"The GAO comes back and says that the people who have the answers have classified the information. [Gilman is] stuck," Lipson said. "I don't think anyone anticipated over a year ago that, at the end of the process, we'd be sitting with a classified report. If anyone is upset about this, it is certainly Gilman."

The GAO examined the PLO's assets, income and expenses. For years, reports have circulated about hidden or only partially revealed caches of PLO money, much of it ill-gotten, that Arafat is said to have stashed in Swiss bank accounts and/or incorporated into businesses around the world.

There are unanswered questions about PLO accounts, Lipson said last November, and comprehensive answers could "certainly influence the confidence level" of the U.S. regarding the PLO's "ability"to properly use donor funding.

The GAO investigation focused on State Department and CIA material and involved some investigation overseas, including trips to London and the Middle East.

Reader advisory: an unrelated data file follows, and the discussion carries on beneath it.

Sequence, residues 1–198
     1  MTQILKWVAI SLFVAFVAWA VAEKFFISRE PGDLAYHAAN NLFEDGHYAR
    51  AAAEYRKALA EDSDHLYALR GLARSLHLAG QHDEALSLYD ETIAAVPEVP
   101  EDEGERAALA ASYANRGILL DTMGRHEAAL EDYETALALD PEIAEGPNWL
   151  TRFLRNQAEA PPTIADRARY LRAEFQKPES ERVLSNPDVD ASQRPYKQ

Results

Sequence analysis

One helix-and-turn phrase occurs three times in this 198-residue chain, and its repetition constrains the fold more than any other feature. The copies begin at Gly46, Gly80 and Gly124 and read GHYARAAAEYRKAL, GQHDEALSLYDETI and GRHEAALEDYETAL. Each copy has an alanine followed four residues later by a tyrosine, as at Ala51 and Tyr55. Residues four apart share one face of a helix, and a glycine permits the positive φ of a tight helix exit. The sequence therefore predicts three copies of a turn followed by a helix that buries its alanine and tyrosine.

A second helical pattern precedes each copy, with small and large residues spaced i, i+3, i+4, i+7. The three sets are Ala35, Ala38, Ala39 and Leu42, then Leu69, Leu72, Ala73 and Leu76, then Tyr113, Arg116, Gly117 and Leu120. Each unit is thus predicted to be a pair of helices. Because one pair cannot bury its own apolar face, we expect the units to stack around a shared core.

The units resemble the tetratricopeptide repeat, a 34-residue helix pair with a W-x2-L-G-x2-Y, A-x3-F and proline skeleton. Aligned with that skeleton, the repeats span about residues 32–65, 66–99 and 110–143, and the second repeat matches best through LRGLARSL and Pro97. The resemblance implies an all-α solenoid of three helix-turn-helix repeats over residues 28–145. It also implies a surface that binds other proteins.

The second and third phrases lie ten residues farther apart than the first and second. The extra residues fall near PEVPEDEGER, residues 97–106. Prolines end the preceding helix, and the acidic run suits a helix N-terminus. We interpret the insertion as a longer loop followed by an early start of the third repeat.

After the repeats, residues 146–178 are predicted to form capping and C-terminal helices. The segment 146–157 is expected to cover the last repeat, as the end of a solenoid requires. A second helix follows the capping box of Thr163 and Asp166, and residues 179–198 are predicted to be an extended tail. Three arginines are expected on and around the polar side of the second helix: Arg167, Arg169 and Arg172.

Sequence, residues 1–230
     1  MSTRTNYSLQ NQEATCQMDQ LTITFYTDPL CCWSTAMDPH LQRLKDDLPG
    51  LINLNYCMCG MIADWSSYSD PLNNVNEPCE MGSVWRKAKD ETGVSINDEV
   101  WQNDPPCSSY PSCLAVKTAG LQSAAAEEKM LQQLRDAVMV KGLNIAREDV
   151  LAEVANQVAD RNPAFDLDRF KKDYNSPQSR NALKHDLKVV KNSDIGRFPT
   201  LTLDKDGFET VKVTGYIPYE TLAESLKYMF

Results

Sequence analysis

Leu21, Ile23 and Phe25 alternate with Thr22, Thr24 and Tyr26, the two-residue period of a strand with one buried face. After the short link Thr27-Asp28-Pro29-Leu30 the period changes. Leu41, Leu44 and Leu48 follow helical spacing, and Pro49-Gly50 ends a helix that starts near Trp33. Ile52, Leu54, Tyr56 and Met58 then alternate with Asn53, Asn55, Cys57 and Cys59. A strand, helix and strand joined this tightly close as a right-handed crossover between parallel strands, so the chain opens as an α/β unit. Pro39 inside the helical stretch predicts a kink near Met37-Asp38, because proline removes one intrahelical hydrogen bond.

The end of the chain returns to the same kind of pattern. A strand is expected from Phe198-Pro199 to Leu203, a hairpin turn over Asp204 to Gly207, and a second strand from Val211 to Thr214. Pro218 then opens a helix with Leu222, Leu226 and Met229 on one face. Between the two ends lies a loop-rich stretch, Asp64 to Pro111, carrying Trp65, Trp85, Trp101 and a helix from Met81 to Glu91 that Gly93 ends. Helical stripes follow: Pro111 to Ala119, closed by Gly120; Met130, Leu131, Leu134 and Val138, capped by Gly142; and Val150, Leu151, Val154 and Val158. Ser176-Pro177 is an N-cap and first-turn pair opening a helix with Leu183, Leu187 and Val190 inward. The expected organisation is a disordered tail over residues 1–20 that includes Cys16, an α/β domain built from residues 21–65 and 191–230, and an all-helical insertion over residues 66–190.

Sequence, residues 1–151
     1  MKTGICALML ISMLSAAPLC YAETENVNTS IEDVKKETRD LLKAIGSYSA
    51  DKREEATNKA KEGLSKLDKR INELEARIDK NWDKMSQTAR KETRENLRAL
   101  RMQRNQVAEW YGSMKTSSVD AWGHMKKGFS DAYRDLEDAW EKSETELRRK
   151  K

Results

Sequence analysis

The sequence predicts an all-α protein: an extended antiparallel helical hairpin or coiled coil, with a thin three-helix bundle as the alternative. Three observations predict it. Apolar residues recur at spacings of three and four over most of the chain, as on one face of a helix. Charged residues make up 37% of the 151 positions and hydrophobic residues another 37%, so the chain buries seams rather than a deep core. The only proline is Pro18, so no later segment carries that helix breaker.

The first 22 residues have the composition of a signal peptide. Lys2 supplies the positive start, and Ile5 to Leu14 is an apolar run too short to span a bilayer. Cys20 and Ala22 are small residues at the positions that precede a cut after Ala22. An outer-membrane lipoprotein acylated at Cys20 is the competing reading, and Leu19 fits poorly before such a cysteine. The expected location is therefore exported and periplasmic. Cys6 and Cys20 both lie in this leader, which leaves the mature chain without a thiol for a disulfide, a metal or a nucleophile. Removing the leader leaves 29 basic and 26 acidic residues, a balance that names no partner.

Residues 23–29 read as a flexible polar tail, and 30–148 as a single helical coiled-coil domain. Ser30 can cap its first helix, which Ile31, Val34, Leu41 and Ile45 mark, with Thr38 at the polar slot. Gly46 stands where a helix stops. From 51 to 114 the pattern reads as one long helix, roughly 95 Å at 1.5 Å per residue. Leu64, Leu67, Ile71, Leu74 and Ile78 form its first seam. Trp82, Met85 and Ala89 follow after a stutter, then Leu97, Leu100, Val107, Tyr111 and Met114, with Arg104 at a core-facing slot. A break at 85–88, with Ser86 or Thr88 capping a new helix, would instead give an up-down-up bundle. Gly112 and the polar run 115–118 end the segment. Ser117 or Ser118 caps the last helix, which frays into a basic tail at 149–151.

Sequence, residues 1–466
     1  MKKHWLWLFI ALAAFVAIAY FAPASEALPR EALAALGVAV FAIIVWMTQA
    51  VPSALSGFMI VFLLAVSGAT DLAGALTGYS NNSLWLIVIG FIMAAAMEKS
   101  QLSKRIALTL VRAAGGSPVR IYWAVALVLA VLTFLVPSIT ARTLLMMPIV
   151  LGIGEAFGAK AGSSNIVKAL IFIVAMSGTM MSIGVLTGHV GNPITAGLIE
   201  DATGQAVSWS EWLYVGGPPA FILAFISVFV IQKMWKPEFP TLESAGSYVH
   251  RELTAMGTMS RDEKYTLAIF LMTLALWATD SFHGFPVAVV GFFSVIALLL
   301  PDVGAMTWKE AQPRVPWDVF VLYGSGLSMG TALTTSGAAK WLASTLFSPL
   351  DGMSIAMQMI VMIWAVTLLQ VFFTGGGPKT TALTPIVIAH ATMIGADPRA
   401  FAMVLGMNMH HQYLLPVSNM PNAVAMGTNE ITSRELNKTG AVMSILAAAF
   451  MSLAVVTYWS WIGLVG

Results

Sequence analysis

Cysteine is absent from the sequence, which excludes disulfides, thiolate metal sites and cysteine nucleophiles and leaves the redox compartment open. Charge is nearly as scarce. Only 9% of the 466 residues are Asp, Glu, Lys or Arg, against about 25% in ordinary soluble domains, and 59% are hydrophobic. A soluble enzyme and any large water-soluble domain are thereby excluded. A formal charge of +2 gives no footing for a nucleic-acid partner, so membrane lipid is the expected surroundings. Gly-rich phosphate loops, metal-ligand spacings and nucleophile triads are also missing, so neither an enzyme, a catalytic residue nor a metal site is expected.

The GAO received assistance from Rachel Ehrenfeld, an expert on money laundering and author of "Evil Money: Encounters Along the Money Trail." When the GAO contacted her in spring 1994, Ehrenfeld provided investigators with tips on where to find resources.

Ehrenfeld is among those who accuse the Clinton administration of impeding the investigation. Asked for evidence of this, she accused the State Department of pressuring Great Britain's National Criminal Intelligence Service (NCIS) not to discuss the findings of its study on PLO assets.

In a 1993 study, the NCIS reported that the PLO and smaller groups under its umbrella have some $7 to $10 billion invested in various businesses, and an annual income of $1.5 to $2 billion. A 1994 report showed similar figures.

Last fall, GAO investigator Michael Ten-Kate visited London to meet with NCIS officials, who agreed to discuss the PLO investigations. But he was told that "there was nothing they could provide" and the meeting fell through, Ten-Kate explained.

"I don't have proof that anybody tried to thwart our investigation," Ten-Kate said, refuting allegations that the State Department contacted the NCIS ahead of time.